Knowledge of good and evil – blessing or curse? Sermon for evensong at Adel Parish Church

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I Kings 3: 1-15       Romans 8:31 – end

A sermon for evensong at Adel Parish Church Nov 10th 2019

“Ask what I should give you”, says God to Solomon in tonight’s reading.

That’s quite an offer – and the basis of many stories from King Midas onwards. Sadly the choice usually ends in disaster – in the hero discovering, too late, what is really important. Having everything you touch turn to gold, for example, includes those you love…If we come across the offer of ‘anything you wish for’ in a book or film, we generally know it won’t end well.

Solomon, it seems, managed to avoid the pitfalls and made a wise choice: being able to discern between good and evil. Rereading it this week though, I was reminded of another story. I’m sure you know it…

”You may eat freely of every tree of the garden; but of the tree of the knowledge of good and evil you shall not eat, for in the day that you eat of it you shall die.”

For Adam and Eve, the same choice led to disaster. So is this knowledge of good and evil a good thing or not?

Amongst other things, the story of Adam and Eve seems to grapple with the mystery of how knowing good from evil, having free will we might say, seems to lead inevitably to our separation from God.

You would think knowing good from evil would help us make the right choices. But I bet we can all identify with St Paul’s anguished statement in the previous chapter of Romans: “I can will what is right, but I cannot do it. For I do not do the good I want, but the evil I do not want.”

Making the wrong choices seems to be an inevitable part of being an independent person. We see it in our children. When they’re tiny, they might snatch a toy from another child because they’re hardly aware of the other child’s existence. But although they gradually learn that it’s wrong – this always doesn’t stop them doing it.

Children rely on parents to teach them right from wrong – but it doesn’t mean they always follow the teaching. As with Adam, Eve and the apple tree – being told we shouldn’t have something or do something seems to make it all the more desirable.

Hopefully as we grow up we learn some self-restraint. We rely on friends and family to tell us when we might be going astray. We accept that on the whole the laws of the land are there to help us behave well. But – unless you’re all far more holy than me – we still do, or say, the thing we know to be wrong.

Even for Solomon – famed for his wisdom – it didn’t all work out well. He governed wisely, but in the end his private life was not so virtuous. God gave him the ability to discern good from evil – yet even he was unable always to do the right thing.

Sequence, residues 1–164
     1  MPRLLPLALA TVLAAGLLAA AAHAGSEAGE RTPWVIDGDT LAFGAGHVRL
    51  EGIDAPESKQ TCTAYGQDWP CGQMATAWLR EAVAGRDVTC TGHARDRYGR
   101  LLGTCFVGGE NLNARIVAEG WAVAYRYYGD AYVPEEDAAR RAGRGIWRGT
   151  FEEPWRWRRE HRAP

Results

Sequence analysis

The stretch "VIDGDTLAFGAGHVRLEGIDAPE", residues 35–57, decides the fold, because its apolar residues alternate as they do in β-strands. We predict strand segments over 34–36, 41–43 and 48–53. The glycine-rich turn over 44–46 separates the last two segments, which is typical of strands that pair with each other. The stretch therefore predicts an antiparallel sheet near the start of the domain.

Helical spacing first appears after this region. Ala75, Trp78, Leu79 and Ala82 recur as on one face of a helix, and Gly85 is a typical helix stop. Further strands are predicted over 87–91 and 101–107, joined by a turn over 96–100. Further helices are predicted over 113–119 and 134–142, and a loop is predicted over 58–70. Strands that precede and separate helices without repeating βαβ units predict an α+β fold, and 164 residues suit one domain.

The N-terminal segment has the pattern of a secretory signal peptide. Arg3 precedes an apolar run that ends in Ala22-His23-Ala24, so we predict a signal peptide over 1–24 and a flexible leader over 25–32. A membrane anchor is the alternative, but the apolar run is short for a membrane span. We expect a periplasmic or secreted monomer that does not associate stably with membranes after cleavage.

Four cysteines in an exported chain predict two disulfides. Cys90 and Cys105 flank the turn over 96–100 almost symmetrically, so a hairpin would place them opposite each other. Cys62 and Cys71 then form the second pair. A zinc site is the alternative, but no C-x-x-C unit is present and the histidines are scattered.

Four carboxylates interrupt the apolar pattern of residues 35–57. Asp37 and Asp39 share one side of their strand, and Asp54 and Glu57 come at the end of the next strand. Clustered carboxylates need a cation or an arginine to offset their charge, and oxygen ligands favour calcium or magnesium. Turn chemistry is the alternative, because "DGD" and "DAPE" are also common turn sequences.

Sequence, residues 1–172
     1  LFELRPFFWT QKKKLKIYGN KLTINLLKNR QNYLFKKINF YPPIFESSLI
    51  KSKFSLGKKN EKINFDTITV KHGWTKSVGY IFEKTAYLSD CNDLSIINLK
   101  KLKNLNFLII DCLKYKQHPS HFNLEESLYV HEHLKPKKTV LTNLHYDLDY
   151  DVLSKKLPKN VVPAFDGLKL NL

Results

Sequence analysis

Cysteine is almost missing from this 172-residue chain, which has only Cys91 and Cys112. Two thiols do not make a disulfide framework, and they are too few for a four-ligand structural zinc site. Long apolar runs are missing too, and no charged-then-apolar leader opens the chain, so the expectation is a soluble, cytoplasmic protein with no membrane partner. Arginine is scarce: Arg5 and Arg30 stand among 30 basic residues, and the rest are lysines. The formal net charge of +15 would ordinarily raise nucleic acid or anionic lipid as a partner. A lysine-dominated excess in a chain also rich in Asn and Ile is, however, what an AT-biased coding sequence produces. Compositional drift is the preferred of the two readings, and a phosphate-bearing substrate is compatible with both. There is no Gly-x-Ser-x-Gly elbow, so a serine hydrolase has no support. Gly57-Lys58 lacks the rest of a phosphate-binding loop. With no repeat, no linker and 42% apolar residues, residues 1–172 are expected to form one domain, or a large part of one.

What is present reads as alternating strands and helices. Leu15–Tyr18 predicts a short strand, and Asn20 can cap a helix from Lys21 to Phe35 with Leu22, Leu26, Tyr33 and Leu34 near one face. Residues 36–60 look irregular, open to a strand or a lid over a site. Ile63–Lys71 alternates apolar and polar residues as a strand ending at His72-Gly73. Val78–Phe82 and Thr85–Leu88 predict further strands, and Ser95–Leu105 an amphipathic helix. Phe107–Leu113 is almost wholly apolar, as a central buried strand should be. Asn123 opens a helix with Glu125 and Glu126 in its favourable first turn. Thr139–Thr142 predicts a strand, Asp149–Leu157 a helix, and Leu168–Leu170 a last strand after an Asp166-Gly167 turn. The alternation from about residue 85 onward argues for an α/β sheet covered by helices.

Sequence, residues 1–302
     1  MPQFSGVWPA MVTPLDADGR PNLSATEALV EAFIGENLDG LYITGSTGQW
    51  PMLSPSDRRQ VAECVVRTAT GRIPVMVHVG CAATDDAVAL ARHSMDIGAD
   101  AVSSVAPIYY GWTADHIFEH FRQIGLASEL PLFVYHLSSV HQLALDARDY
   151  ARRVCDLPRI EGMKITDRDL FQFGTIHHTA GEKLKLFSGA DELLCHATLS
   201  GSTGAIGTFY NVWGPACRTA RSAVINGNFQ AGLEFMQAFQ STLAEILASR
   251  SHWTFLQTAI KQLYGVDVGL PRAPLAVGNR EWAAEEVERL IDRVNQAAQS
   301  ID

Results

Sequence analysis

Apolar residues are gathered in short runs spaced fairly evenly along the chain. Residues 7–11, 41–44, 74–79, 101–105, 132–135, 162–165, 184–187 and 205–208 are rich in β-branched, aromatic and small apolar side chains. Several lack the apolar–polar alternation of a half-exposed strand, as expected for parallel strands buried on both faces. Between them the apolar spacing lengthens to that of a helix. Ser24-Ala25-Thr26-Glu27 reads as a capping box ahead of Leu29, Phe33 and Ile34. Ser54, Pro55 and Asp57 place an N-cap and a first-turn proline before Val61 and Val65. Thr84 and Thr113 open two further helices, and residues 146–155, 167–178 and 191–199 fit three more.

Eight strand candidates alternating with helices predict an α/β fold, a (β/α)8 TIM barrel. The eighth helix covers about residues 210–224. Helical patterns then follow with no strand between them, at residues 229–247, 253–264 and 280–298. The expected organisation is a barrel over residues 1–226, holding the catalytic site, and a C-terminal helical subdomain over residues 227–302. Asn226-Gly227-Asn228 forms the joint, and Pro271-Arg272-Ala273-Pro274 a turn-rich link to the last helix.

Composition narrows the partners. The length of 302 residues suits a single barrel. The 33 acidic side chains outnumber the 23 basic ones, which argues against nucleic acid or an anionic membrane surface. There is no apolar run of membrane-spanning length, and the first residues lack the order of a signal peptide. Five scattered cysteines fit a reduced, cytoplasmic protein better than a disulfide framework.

It’s a mystery that led to the concept of ‘original sin’, the idea that somehow we’re born in a state of sin. We may not accept the link of this with Adam, Eve and the apple, but the fact that we just tend to do the wrong thing is something I guess we’re all familiar with.

And for Christians there’s the bigger problem that we come to know Jesus – we’re shown even more clearly the difference between good and evil – but still we do the wrong thing.

For Paul, this in a way is what Christianity is all about. The experience of meeting Jesus Christ – such an overwhelming one for him – didn’t immediately make him sin less. But it did make him more aware of his sin. He knew his need of forgiveness, his need of God.

And he saw that in the mystery of God’s relationship with the world, that was enough. The glorious passage from Romans we heard tonight comes after 8 chapters exploring the reality of human guilt and sin. And what Paul’s experience tells him is that despite all that, nothing can separate us from God’s love shown in Jesus Christ.

Knowing good from evil doesn’t necessarily make us live better lives – in some ways it’s perhaps just what makes us human. But knowing God loves us whatever we do, feeling his forgiveness – that makes us aware of our sin in a way that helps us try to change. I hope I am becoming, one tiny step at a time, more like Christ – it’s knowing I am loved unconditionally that makes it possible.

So for Christians the offer of ‘anything you wish for’ is unnecessary – outdated. We already have the only thing that really matters – the promise that “we are more than conquerors through him who loved us…that neither death, nor life, nor angels, nor rulers, nor things present, nor things to come, nor powers, nor height, nor depth, nor anything else in all creation, will be able to separate us from the love of God in Christ Jesus our Lord.”

And all we have to do is accept that love.

 

 

 

 

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